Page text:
The medium—transparent watercolor pigment, specially pressed and brilliant white paper, natural hair brushes—is what limits and gives form to what the eye sees and the mind’s eye interprets. Skill is obviously important, “but skill has to draw you beneath the surface, otherwise it’s just craft. Watercolor is a popular medium, and unfortunately skill and technique often get in the way.” Dewey, who after years of teaching at institutions like the Parsons School for Design, the National Academy of Design School, and the Lyme Academy of Fine Arts, these days offers annual summer master classes in Maine, New England, New York, and Europe. Along the way, he has learned how to help developing painters overcome the tendency to depend too heavily on technique. As he explains, “I teach students to learn to paint watercolor from inside of the paper, or metaphorically, from the ground up, like a building. It’s a foundation that is in all great watercolor.”
In the end, Dewey says, “it’s a continuum,” a synergistic relationship between seeing, craft, medium, and the unique personhood of the artist. And after years of faithfulness to the painter’s peculiar ascesis, comes vision. “I have found in my own journey with watercolor that as my vision gained conviction, my ideas stimulated a constant appreciation for the interpretive force that skill in handling the medium brought to my work. As my ideas grew in ambition, my painting skills were in turn stimulated by their energy and grew also.”
What, finally, has he come to see? “God’s invisible qualities and divine nature. I think this is what has always come through my work, in particular my work over the past ten to twelve years. I was raised by parents with a deep faith in God, and they raised me to honor him with my life and my work, but it was never a religious decision to paint this way. Instead, it was the realization that I really am God’s creation living and working in his creation; nature for me has become the fundamental evidence of his handiwork.”
Though I have never painted, my ideas about art were strongly shaped by painters. My grandmother, who was born in a sod house on the Minnesota prairie in 1897, was a first-generation Norwegian immigrant, a farm girl, a mother of six during the depths of the Great Depression. At fifty-six, now living in bougainvillea-draped Santa Barbara, she signed up for adult education courses in drawing and oil-painting.
Before arthritis in her hands permanently shut her down, she produced over sixty large canvases, most of them still lifes, in the spirit of Paul Gauguin. The white walls of the small apartment in which she spent her final years were covered with ripe pomegranates, bronze teapots, blue glass pitchers, yellow crockery, and sprays of prairie flowers. Four of her descendants became painters.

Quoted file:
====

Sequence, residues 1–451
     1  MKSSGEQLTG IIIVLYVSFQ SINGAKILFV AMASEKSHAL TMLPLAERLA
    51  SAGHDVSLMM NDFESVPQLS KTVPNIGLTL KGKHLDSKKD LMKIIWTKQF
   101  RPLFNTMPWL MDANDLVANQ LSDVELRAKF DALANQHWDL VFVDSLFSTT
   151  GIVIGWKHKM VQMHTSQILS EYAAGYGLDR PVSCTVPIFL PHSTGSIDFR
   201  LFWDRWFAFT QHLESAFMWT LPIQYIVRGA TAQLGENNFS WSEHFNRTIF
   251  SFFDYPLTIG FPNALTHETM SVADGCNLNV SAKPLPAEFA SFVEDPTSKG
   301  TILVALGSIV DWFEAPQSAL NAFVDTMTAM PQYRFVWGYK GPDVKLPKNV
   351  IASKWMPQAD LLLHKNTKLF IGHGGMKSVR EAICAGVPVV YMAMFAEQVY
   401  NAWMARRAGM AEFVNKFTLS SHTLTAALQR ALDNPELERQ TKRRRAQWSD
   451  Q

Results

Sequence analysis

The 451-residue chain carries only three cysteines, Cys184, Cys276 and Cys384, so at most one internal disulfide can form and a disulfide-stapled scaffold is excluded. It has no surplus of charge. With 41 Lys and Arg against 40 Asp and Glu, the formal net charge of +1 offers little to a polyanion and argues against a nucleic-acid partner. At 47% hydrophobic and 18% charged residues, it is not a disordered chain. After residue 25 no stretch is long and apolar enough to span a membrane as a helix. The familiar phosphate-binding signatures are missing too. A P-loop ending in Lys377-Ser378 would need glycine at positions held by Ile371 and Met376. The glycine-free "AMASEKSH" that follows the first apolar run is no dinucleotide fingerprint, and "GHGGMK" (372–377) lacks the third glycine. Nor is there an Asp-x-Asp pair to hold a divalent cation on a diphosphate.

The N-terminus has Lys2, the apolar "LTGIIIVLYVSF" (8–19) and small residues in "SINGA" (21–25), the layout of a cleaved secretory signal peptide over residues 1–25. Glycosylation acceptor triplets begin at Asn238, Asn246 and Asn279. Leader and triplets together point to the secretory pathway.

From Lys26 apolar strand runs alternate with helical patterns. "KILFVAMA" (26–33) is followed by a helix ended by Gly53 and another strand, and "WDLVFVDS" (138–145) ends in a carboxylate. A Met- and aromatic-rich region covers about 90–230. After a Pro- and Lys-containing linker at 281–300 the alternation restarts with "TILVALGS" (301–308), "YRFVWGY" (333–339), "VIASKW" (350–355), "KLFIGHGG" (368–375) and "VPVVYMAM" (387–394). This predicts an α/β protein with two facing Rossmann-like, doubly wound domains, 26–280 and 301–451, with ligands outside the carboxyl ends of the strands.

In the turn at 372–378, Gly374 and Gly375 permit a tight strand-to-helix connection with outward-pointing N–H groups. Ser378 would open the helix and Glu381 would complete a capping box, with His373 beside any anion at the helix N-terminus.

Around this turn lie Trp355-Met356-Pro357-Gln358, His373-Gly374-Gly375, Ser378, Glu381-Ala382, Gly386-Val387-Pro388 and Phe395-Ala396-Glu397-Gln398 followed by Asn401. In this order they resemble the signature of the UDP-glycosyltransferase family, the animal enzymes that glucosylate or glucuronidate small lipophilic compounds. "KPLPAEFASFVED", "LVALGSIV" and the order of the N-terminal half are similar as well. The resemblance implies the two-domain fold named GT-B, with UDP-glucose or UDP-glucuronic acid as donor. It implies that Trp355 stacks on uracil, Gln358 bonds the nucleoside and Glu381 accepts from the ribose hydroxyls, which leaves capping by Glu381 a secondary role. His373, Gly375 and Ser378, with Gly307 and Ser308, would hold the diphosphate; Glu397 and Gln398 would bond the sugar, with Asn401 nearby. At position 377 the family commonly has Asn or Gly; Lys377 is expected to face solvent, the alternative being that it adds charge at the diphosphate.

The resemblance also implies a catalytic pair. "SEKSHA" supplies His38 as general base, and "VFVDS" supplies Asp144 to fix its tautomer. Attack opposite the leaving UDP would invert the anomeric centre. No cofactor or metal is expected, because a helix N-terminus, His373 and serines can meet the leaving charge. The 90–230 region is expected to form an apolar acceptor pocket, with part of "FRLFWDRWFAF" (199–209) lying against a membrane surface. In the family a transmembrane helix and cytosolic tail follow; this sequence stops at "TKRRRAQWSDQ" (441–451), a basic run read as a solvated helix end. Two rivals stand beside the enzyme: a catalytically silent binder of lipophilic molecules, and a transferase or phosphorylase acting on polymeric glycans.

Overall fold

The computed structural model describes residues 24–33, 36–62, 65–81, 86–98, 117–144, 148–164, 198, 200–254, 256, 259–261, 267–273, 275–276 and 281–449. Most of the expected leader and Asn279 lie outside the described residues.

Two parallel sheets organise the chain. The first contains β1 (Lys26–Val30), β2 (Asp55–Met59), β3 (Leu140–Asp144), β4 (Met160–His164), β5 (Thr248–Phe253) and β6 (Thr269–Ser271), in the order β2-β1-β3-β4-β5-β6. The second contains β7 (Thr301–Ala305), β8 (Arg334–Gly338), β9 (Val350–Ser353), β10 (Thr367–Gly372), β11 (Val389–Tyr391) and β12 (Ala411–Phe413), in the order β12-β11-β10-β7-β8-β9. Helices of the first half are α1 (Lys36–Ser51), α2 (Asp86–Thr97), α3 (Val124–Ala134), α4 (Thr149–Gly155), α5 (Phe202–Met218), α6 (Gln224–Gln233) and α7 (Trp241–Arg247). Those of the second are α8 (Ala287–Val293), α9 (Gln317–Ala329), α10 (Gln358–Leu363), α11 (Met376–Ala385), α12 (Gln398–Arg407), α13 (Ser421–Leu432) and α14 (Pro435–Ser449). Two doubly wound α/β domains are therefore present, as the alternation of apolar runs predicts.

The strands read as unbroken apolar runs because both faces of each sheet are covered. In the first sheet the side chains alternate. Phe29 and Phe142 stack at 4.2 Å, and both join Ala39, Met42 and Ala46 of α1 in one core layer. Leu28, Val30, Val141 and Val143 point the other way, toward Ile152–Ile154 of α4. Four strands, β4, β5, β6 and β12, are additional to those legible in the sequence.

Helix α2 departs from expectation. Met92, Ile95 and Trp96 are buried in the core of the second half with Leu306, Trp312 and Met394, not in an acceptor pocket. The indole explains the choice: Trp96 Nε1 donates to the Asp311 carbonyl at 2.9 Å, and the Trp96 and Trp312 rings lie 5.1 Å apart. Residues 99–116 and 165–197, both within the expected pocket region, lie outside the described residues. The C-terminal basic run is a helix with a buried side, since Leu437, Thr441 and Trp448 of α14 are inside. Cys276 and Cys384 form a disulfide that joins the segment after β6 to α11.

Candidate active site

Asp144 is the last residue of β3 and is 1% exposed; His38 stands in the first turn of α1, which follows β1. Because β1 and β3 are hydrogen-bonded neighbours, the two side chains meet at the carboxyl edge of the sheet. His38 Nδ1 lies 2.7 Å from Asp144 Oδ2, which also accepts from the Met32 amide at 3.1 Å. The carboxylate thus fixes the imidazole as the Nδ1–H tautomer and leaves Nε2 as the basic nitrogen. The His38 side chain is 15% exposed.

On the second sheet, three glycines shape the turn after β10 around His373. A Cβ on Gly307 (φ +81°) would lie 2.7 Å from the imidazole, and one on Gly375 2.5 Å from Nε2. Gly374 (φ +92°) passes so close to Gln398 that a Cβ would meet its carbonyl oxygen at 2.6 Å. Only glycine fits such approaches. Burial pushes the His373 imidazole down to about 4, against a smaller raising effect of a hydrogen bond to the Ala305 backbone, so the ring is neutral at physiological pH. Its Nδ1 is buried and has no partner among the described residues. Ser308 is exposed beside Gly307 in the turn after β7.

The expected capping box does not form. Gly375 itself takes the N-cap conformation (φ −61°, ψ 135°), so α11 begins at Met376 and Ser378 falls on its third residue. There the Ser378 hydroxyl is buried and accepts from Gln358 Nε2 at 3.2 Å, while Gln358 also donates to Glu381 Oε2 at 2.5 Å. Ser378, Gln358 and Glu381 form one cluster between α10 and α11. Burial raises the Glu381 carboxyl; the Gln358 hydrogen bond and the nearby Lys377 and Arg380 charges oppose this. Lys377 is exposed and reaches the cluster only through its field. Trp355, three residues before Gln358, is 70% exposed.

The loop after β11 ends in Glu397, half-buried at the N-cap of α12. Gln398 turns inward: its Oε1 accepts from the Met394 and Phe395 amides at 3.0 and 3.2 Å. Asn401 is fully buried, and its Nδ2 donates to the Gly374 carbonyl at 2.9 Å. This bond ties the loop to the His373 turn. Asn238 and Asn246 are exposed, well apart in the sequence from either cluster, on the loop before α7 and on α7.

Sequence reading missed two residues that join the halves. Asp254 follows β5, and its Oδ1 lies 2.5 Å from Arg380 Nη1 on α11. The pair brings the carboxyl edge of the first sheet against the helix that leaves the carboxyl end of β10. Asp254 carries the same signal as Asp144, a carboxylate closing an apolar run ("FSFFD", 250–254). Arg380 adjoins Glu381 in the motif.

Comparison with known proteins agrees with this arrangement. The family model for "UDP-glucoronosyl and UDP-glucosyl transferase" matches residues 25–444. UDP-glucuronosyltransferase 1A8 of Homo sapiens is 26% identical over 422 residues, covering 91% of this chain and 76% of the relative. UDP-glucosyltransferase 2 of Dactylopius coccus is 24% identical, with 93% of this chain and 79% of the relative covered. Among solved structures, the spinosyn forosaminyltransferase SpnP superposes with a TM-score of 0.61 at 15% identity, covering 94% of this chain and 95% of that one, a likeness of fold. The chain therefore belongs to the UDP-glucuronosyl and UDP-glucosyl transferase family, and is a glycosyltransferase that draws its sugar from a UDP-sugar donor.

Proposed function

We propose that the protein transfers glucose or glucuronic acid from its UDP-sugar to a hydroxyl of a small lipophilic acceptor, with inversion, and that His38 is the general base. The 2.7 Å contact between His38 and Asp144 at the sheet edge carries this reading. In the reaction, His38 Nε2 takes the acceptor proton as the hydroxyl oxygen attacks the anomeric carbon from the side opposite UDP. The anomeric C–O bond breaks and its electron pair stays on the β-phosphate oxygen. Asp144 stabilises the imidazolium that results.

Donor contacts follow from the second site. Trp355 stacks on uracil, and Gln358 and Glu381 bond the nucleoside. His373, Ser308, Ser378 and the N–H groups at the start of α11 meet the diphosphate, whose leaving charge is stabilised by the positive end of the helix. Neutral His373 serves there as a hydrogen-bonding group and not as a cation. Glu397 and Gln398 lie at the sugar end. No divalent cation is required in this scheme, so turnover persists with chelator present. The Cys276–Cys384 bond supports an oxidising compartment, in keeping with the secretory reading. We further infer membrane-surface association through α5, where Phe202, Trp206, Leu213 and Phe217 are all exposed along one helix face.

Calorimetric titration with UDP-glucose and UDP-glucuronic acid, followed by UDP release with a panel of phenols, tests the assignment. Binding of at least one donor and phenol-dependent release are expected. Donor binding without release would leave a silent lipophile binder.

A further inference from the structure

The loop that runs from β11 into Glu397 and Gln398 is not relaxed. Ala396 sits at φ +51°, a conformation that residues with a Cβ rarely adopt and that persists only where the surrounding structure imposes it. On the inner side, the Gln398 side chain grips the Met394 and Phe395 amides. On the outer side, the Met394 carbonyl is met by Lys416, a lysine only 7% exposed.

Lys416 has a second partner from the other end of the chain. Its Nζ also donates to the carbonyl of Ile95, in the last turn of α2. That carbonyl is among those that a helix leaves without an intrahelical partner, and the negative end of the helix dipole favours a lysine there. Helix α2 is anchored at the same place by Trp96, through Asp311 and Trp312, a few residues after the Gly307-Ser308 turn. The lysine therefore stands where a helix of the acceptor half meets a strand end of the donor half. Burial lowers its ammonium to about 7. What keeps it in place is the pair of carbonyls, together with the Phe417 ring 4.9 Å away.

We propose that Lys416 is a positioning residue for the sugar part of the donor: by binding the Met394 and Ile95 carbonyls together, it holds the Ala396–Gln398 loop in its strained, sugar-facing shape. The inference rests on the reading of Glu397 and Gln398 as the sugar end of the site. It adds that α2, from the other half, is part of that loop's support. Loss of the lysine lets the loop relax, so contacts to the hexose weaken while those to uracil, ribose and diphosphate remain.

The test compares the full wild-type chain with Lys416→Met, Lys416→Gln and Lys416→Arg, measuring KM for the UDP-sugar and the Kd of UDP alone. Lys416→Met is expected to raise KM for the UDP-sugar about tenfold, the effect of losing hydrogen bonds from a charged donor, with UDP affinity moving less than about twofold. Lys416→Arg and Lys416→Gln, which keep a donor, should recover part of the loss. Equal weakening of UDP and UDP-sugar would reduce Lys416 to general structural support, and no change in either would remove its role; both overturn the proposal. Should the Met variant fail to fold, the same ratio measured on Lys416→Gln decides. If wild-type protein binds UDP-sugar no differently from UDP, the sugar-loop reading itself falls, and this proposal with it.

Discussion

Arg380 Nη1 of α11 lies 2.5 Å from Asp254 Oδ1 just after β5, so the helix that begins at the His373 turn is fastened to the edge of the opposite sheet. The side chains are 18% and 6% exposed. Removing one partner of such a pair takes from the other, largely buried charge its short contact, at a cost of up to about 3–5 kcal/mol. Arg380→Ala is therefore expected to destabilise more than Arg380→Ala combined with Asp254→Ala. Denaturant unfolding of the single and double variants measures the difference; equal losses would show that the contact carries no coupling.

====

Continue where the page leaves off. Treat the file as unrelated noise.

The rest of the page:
One of them was my mother. Like my grandmother, she began taking art classes in her middle fifties, after her large family was finally grown and gone. Though I knew she’d always been interested in the craft, I had no idea how seriously she’d taken it up until we moved her out of the house she lived in for forty years. The basement was filled with canvases and heavy baroque wood-and-gilt frames, a bedroom closet with sketchbooks and squirrel-hair brushes and costly tubes of paint, the garage with portfolios of plein-air watercolors.
What inspired all these painters in the family tree? According to the immigrant diaries that have come down to us, it’s doubtful our ancestors were encouraged to become artists. Their labor might keep the world turning, but they were the little people, less valuable to the society in which they lived than a herd of good cows. Yet by the flickering light of hearth fires, they must have become woodcarvers and painters of rosemaling too. Perhaps this would show the world who they were: something more than the bushels of corn they grew, the stacks of hay they cut, the pigs they butchered in the fall.
My grandmother, whose face retained a lovely, youthful sweetness even into her late eighties, who piled her abundant dark hair atop her head like a Gibson Girl, took to wearing, once she had officially become a painter, a long red Frieda Kahlo-style Chinese wrapper over her purple turtleneck sweaters. My mother, more conventional, never took on the faintly Bohemian persona of my grandmother, though it was clear she thought painting completed her in a way that childrearing and housework had simply not been able to do.
Until I began to read people like Evagrius, I assumed that the purpose of making art was to do what they had done: to find my true self in order to shrug off the version of myself imposed on me by society.